A Little Farther Down the Path: Convictions

Perhaps nothing illustrates the way my thinking has changed over the past decade better than the evolution in my appreciation for Marcus Borg.

Like many students of conservative, evangelical theology—the tradition in which I grew up—I first learned of Marcus Borg in his role as one of the most prominent figures involved in something called The Jesus Seminar back in the 1980s and ’90s. That endeavor comprised 150 academics and laypersons who met occasionally to debate the authenticity of the sayings and deeds attributed to Jesus in the Gospels. The group’s methodology for registering their individual opinions—i.e. depositing colored marbles in a box, each different color representing greater or lesser likelihood of authenticity—provided ample material for jokes and put-downs in the conservative circles where I moved at the time. Continue reading

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A Little Farther Down the Path: The Great Spiritual Migration

I am not the same person I was twenty, fifteen, or even ten years ago. Neither are you, although for some of us, the differences are more stark, more startling, especially when they involve, as they do in my case, changes in fundamental beliefs arising from a change in many of the presuppositions that underlie my worldview. As I’ve written so often that it almost sounds cliché (at least to me), if you change your underlying presuppositions about life and reality, your belief structure is bound to change, and you will draw significantly different conclusions about priorities, meaning, and how you should live your life. Continue reading

From A Distance

It would be hard to find someone more predisposed to the Christian religion than I am. I grew up going to church every Sunday, and I didn’t hate it. In fact, by the time I was in my late teens, I was certain God had “called” me to devote my life to the service of the church and the gospel. That is what I have done. I have been ordained in three different denominations, and I have friends in virtually every major tradition of the church from the fundamentalist right to the progressive left.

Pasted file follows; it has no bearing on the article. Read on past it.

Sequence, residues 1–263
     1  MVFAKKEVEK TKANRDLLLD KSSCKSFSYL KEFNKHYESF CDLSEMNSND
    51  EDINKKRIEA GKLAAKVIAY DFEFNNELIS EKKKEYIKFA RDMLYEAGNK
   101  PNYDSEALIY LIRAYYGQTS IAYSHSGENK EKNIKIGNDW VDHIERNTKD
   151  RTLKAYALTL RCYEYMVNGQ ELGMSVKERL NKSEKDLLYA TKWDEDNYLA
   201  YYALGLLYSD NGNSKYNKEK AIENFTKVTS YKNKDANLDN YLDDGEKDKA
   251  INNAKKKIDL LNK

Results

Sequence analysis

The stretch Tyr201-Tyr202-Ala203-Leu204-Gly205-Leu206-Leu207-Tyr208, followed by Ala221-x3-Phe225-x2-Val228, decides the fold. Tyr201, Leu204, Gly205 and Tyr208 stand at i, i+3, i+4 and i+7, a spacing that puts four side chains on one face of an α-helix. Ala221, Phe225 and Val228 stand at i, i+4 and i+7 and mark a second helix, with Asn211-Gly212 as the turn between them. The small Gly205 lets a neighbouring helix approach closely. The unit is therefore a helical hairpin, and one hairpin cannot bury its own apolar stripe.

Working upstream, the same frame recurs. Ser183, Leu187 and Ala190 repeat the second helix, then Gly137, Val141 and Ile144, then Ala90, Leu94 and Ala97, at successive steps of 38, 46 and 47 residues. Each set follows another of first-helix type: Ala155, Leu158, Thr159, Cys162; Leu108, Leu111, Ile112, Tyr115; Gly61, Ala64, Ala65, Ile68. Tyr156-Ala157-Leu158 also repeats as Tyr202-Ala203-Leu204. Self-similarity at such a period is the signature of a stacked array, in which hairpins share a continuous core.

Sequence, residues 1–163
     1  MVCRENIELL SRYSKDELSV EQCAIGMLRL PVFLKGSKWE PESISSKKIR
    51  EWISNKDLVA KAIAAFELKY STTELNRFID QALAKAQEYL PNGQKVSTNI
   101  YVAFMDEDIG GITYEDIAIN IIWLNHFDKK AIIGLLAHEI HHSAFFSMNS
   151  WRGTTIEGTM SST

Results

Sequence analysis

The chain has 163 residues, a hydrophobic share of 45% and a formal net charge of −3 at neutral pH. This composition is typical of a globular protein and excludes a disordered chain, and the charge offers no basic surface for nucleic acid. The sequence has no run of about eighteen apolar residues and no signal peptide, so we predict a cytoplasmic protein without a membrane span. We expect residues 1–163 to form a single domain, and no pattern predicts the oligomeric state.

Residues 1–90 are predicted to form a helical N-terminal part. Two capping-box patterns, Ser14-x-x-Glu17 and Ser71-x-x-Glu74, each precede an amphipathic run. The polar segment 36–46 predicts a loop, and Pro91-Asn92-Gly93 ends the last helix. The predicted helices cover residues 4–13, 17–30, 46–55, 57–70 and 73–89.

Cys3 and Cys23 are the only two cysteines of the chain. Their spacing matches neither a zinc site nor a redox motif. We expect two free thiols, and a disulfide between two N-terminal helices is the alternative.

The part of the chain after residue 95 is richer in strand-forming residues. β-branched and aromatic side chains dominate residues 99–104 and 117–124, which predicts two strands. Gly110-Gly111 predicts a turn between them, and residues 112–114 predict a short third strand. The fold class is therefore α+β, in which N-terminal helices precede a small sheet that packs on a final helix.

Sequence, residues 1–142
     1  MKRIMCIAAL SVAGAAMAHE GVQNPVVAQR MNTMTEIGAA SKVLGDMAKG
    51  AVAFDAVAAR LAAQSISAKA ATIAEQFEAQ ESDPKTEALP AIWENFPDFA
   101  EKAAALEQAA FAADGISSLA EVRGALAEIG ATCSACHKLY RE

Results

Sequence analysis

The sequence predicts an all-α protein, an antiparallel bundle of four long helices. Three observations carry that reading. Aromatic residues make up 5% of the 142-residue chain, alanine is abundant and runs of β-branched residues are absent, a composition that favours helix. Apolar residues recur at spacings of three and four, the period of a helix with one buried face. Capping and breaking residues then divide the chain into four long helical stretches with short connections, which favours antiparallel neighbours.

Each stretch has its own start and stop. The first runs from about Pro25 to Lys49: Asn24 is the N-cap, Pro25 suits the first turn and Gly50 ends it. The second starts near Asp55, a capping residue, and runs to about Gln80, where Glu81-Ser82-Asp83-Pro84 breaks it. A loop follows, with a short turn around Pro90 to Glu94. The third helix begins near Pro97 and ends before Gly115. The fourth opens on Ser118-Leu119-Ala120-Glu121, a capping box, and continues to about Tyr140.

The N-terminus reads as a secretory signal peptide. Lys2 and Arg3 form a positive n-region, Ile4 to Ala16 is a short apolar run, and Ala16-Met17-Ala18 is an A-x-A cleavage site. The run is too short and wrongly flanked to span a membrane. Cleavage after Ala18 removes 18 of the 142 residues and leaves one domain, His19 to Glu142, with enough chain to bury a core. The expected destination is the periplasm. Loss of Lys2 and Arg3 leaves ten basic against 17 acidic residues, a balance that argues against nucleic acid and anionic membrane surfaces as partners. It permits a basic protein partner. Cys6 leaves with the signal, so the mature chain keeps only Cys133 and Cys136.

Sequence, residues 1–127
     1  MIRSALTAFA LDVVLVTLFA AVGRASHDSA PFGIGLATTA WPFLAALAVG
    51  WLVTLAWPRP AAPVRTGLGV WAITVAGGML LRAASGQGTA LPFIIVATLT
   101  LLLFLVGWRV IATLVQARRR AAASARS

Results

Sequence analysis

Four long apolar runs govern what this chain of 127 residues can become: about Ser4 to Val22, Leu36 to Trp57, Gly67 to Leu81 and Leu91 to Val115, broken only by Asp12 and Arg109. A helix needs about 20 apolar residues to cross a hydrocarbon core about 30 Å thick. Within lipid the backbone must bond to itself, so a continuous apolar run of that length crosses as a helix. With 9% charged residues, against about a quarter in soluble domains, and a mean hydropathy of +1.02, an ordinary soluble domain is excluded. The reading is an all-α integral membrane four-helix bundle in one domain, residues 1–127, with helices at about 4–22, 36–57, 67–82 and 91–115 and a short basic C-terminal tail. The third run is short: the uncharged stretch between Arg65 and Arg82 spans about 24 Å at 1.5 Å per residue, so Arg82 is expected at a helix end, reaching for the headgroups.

I have looked at the church from almost every imaginable perspective. I’ve seen the best and the worst, things that make me proud and things that make me ashamed, things that make me smile broadly and things that make me weep uncontrollably. I’ve seen the church be a place where people experience joy and delight, and I’ve seen it cause intense pain and do grievous harm. Continue reading

Incarnational Christianity

You say your church is doctrinally orthodox, and you recite the Nicene Creed every week? I don’t care.

You say that, in your church, people speak in tongues, make prophetic pronouncements, and experience other manifestations of supernatural power? I don’t care.

IchthusYou say your pastor is a brilliant orator, an exciting motivator, and a wonderful teacher? I don’t care.

I don’t care how many members are on your roll or how much your congregation has grown in the past year. I don’t care how many were “saved,” sanctified, filled with the Spirit, baptized, confirmed, commissioned, or ordained in your services last week. Continue reading

Who Do You Think I Think God Is?

I am the first to admit that I don’t fully understand the concept of prayer. I do pray, and most of the time I feel better because I have prayed, but when I stop to consider what my praying implies about God, I am a combination of confused and embarrassed.

Do I really believe that the God who created the universe is not going to heal somebody or intervene in some situation or open some door of opportunity unless I ask God to do that? Or do I believe that God will allow a calamity to unfold unless a certain number of people beseech God to stop it? And if so, what is that number? At what point does the volume of prayer and the number of people praying about a particular matter reach “critical mass” so that God is required to respond by answering those prayers in the affirmative? Continue reading

The Gospel is not Hostile to the Culture

Jesus of Nazareth stands at the center of the narrative that best explains, for me, the world, the universe, and the reason for human existence. That narrative, with Jesus at theday-12 center, gives me a sense of purpose for my life and fills me with hope for the future.

Jesus of Nazareth, whom the early church came to think of as Jesus the Messiah (or Christ, i.e. God’s anointed one) embodies the nature of God while, at the same time, he exemplifies the full potentiality of humanness. I come closest to realizing my own potential by aspiring to be like him. Continue reading

How to Spell Hope with Three Rs

Like Amos in the Old Testament, I am neither a prophet nor the son of a prophet. On the other hand, like the sons of Issachar, I hope I understand the times. In that role, then, I day-11make the following prognostications.

Politically and socially, we need a revolution. Theologically and spiritually, we need a reformation. Experientially, we need a revival. All of these are interrelated, and all three are already in progress, if only in the beginning stages. We may only recognize them after the fact, since they will not strongly resemble any previous manifestation. Continue reading